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New Study: Against Ageism and towards active social citizenship for older persons

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Professor Gerald Quinn, UN Special Rapporteur on the rights of persons with disabilities, together with Professor Israel Doron have conducted a study (publ. Department of the European Social Charter Directorate General Human Rights and Rule of Law Council of Europe – Strasbourg) to explain the critical role of the European Social Charter in advancing and protecting the rights of older persons in Europe. It is designed to be used by civil society groups of older persons and other organisations to enable them to engage effectively with the machinery of the Charter and to use its jurisprudence in the development of domestic advocacy strategies for reform. It provides guidance to policy makers as they open a new policy on the rights of older persons.

For EASPD, it is helpful to better understand the role of support services in helping older persons with disabilities in achieving their rights, in line with the European Social Charter.

The European Social Charter was the first legally binding international instrument in the world to make explicit provision for the social rights of older persons. The Charter has adopted an approach which included two distinct novel elements which referred to the rights of older persons living in institutions, these focused on:

  1. Meaningful participation in society and,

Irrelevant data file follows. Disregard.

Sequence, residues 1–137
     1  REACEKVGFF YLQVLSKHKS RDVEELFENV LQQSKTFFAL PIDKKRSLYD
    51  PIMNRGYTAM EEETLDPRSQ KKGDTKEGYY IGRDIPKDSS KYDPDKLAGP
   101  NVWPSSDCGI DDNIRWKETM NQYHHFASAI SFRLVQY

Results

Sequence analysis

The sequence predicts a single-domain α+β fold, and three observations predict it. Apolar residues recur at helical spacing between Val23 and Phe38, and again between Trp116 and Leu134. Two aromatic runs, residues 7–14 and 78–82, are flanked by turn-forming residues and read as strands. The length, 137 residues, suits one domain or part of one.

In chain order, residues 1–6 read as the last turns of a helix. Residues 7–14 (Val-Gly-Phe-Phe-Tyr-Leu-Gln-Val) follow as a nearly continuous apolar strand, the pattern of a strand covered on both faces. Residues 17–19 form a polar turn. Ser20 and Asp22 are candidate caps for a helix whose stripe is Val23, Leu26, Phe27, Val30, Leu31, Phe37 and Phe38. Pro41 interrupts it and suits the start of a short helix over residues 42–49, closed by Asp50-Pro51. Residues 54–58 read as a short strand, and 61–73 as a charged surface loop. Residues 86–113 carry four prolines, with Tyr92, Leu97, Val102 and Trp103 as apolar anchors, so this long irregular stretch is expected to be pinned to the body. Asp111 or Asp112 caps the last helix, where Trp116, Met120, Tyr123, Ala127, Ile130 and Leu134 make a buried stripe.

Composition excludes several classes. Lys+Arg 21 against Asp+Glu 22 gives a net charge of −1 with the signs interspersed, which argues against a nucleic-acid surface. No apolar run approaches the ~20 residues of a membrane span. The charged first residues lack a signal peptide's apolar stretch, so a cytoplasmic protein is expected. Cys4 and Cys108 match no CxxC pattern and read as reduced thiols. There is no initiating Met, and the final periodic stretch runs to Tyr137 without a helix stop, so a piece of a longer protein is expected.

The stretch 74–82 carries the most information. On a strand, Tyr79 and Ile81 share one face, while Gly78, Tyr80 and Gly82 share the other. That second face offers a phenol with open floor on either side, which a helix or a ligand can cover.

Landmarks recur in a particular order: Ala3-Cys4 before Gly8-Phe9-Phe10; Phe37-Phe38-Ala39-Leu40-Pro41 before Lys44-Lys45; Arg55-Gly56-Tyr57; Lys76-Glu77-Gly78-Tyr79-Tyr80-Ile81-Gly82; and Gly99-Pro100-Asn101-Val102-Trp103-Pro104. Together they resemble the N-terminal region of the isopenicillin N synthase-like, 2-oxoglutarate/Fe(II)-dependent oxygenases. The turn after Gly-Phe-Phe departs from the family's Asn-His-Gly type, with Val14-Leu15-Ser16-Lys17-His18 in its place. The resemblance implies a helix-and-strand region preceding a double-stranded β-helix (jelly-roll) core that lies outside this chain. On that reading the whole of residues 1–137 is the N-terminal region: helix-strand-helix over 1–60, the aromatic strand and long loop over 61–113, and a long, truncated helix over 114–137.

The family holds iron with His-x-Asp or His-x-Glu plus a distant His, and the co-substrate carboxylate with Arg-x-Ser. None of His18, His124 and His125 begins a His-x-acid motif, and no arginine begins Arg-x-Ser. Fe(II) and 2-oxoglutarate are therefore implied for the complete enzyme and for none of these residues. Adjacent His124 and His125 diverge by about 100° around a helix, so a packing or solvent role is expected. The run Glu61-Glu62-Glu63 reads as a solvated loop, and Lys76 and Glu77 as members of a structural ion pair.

2. Independence and life choices in old age.
  3. The text of Article 30 reads:
  4. Article 30 – The right to protection against poverty and social exclusion.
  5. With a view to ensuring the effective exercise of the right to protection against
  6. poverty and social exclusion, the Parties undertake:
  7. a. To take measures within the framework of an overall and coordinated
  8. approach to promote the effective access of persons who live or risk living
  9. in a situation of social exclusion or poverty, as well as their families, to, in
  10. particular, employment, housing, training, education, culture and social
  11. and medical assistance,
  12. b. to review these measures with a view to their adaptation if necessary.
  13. Implicit in Article 30 is the view that poverty can lead to social exclusion. Social
  14. exclusion is a broader term. It has been explained by the UN as a “multidimensional
  15. phenomenon not limited to material deprivation: poverty is an important dimension
  16. of exclusion, albeit only one dimension. Accordingly, social inclusion processes
  17. involve more than improving access to economic resources.” In turn, social inclusion is
  18. defined by the UN as “the process of improving the terms of participation in society,
  19. particularly for people who are disadvantaged, through enhancing opportunities,
  20. access to resources, voice and respect for rights.”
  21. What is interesting is the overlap of emphasis in this definition of social inclusion